The association between depressive symptoms and subjective memory complaints has been the focus of considerable previous research, especially in late adulthood (Jorm et al. Reference Jorm, Christensen, Korten, Jacomb and Henderson2001; Minett et al. Reference Minett, Da Silva, Ortiz and Bertolucci2008; Kim et al. Reference Kim, Seo, Kim, Kim, Lee, Qiu and Na2013; Crumley et al. Reference Crumley, Stetler and Horhota2014; Yates et al. Reference Yates, Clare, Woods and Matthews2015). Research into the predictive utility of subjective memory complaints for objective memory performance and dementia diagnoses in older adults has revealed that subjective memory complaints may be better accounted for by individuals’ levels of depressive symptomatology than their actual memory performance (e.g. Schofield et al. Reference Schofield, Marder, Dooneief, Jacobs, Sano and Stern1997; Reid & MacLullich, Reference Reid and MacLullich2006; Hülür et al. Reference Hülür, Hertzog, Pearman, Ram and Gerstorf2014; Yates et al. Reference Yates, Clare and Woods2017). In line with these findings, we predicted that subjective memory complaints would increase as a function of symptoms of depression. Negative interpretative biases observed in those with clinical levels of depression, which increase as a function of symptoms of depression in non-clinical populations, may partially account for this finding (Mathews & MacLeod, Reference Mathews and MacLeod2005; Beck, Reference Beck2008). Alternatively the association between self-reported symptoms of depression and self-reported memory problems may simply reflect a response tendency on measures assessing neuropsychiatric health complaints. The current sample allowed a direct test of the latter hypothesis, by using the Hospital Anxiety and Depression Scale (HADS; Zigmond & Snaith, Reference Zigmond and Snaith1983) to assess symptoms of depression. The two subscales of the HADS assess symptoms of anxiety and depression, respectively. If increased memory complaints reflect a simple response tendency, then symptoms of depression and anxiety should show the same association with subjective memory complaints. In contrast, if the increase in self-reported memory complaints is specific to depressive symptomatology, then subjective memory complaints should be more reliably associated with symptoms of depression than symptoms of anxiety.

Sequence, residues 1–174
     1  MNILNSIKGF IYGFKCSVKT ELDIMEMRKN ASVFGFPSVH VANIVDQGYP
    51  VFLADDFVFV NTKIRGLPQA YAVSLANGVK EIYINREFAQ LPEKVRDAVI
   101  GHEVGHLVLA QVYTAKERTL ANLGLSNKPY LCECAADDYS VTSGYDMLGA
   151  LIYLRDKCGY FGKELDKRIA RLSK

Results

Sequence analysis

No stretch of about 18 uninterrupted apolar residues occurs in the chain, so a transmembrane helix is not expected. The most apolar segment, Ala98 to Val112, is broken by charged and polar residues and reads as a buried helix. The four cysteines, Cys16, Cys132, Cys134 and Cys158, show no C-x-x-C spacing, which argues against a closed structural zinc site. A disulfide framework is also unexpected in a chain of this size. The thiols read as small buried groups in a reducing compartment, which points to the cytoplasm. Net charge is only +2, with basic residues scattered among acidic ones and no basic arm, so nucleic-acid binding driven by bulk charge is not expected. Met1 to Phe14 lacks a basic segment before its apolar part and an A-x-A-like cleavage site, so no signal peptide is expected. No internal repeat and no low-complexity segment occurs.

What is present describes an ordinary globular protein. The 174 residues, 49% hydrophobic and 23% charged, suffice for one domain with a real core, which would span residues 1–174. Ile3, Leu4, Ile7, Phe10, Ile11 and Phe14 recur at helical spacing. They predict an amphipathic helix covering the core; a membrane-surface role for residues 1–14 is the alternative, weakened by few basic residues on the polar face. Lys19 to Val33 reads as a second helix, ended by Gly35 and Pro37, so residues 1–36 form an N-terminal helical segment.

Previous work additionally suggests that altered cognitive and affective processing in depression are associated with other changes in memory performance. For example, depressed individuals exhibit a mood-congruency bias, which makes them able to recall more negative memoranda compared with non-depressed individuals (Elliott et al. Reference Elliott, Rubinsztein, Sahakian and Dolan2002). Another memory phenomenon observed in individuals with depression is that their autobiographical memories lack specificity (i.e. depressed individuals memories are typically overgeneral; Dalgleish & Werner-Seidler, Reference Dalgleish and Werner-Seidler2014; Dritschel et al. Reference Dritschel, Beltsos and McClintock2014). These deviations from typical memory performance suggest an abnormality in basic memory operation and/or in the processing of affective information. Research on memory for affective stimuli and events more broadly shows that compared with neutral, affective information is better remembered (LaBar & Cabeza, Reference LaBar and Cabeza2006). What remains under-researched is the effect of affective context on memory performance. Henson et al. (Reference Henson, Campbell, Davis, Taylor, Emery, Erzinclioglu and Kievit2016) have recently shown that, in the same Cam-CAN cohort as is studied here, recognition memory for neutral objects varied as a function of the affective valence (negative, positive or neutral) of the background context against which those objects were originally presented. The increased affective significance (cf. Pessoa, Reference Pessoa2009) of negative information to individuals who currently experience symptoms of depression is likely to attract attentional resources towards negative backgrounds and away from neutral objects superimposed on those backgrounds, thereby impairing the encoding into memory of those objects. For this reason, memory for information presented in affective contexts may be more sensitive to the influence of subclinical depressive symptoms than the more commonly used, affect-neutral measures of memory.